MIAShield: Defending Membership Inference Attacks via Preemptive Exclusion of Members


In membership inference attacks (MIAs), an adversary observes the predictions of a model to determine whether a sample is part of the model’s training data. Existing MIA defenses conceal the presence of a target sample through strong regularization, knowledge distillation, confidence masking, or differential privacy. We propose MIAShield, a new MIA defense based on preemptive exclusion of member samples instead of masking the presence of a member. MIAShield departs from prior defenses in that it weakens the strong membership signal that stems from the presence of a target sample by preemptively excluding it at prediction time without compromising model utility. To that end, we design and evaluate a suite of preemptive exclusion oracles leveraging model confidence, exact/approximate sample signature, and learning-based exclusion of member data points. To be practical, MIAShield splits a training data into disjoint subsets and trains each subset to build an ensemble of models. The disjointedness of subsets ensures that a target sample belongs to only one subset, which isolates the sample to facilitate the preemptive exclusion goal. We evaluate MIAShield on three benchmark image classification datasets. We show that MIAShield effectively mitigates membership inference (near random guess) for a wide range of MIAs; achieves far better privacy-utility trade-off compared with state-of-the-art defenses; and remains resilient in the face of adaptive attacks.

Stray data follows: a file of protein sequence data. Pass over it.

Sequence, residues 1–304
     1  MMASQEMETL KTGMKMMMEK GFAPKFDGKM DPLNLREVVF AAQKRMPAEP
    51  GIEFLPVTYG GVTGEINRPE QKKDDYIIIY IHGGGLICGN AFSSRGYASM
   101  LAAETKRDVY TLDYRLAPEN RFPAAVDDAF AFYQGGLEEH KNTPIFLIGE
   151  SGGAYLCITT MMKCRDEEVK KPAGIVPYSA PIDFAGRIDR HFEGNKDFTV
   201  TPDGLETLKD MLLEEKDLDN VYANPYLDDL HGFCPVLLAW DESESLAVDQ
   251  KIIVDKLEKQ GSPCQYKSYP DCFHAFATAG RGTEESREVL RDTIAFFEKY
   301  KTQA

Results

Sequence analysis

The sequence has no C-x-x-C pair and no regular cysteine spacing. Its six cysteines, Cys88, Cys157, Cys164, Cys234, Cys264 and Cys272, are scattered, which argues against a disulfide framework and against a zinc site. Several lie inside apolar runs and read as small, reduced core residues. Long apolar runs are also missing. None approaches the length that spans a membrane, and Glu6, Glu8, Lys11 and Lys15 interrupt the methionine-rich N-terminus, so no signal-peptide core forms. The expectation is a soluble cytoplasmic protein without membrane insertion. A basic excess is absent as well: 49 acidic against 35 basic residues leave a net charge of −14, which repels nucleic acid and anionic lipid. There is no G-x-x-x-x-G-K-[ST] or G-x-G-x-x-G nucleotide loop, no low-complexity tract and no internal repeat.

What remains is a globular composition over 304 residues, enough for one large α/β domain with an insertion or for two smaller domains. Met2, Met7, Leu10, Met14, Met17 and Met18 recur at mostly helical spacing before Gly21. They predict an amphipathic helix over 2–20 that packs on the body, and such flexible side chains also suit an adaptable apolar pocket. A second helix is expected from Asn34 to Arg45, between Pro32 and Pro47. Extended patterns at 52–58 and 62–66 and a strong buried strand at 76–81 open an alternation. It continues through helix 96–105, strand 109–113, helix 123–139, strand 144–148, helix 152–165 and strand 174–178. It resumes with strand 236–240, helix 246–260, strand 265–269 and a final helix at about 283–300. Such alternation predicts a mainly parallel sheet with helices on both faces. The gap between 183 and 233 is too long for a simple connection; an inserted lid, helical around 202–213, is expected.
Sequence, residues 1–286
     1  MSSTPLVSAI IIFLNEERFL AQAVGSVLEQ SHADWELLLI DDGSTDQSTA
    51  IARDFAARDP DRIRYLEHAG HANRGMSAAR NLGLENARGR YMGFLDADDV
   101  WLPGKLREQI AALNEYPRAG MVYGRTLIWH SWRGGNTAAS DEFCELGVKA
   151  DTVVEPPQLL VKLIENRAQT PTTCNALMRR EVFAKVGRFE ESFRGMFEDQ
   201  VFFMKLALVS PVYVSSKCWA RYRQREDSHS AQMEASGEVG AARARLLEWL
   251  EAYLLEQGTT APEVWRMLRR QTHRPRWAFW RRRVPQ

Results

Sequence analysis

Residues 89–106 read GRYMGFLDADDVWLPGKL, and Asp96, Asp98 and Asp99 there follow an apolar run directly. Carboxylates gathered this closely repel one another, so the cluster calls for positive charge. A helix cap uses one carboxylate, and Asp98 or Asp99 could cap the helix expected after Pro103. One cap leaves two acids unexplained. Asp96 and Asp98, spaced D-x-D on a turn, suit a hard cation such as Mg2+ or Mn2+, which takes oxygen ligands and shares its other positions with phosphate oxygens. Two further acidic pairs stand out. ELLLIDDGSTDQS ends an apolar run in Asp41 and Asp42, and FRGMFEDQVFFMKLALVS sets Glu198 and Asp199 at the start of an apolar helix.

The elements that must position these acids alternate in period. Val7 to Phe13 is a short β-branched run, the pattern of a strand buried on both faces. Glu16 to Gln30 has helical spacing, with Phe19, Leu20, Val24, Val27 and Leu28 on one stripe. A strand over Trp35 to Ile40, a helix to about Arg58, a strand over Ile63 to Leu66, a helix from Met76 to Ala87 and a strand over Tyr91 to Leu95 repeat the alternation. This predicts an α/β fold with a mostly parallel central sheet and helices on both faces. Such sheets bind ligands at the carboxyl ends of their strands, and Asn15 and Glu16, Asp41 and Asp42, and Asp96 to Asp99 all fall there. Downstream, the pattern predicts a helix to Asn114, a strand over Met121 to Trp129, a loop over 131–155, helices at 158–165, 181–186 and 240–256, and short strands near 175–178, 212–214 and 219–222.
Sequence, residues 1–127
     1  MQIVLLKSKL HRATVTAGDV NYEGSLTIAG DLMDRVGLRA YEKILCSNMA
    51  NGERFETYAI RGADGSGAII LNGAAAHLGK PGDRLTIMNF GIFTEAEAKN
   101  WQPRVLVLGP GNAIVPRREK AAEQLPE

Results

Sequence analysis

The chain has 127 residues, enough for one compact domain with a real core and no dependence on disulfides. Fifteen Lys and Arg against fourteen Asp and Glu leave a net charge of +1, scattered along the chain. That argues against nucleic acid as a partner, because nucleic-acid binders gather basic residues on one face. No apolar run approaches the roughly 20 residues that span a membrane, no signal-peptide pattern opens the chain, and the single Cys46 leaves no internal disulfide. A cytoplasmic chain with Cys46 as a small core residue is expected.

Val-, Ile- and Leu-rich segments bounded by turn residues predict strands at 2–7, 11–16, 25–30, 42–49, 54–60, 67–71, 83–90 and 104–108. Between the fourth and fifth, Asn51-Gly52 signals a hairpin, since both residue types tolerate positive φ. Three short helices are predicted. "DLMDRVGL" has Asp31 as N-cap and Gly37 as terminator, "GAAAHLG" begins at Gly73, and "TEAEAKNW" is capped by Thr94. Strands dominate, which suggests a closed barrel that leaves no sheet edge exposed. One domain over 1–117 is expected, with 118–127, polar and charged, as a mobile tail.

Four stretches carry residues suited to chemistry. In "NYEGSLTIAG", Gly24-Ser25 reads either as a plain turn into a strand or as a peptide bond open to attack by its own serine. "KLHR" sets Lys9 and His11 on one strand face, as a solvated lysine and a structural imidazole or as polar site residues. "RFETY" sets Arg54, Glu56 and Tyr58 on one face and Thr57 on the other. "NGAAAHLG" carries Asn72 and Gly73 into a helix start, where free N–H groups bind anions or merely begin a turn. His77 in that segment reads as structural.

Proceedings of the 23rd Privacy Enhancing Technologies Symposium (PETS 2023)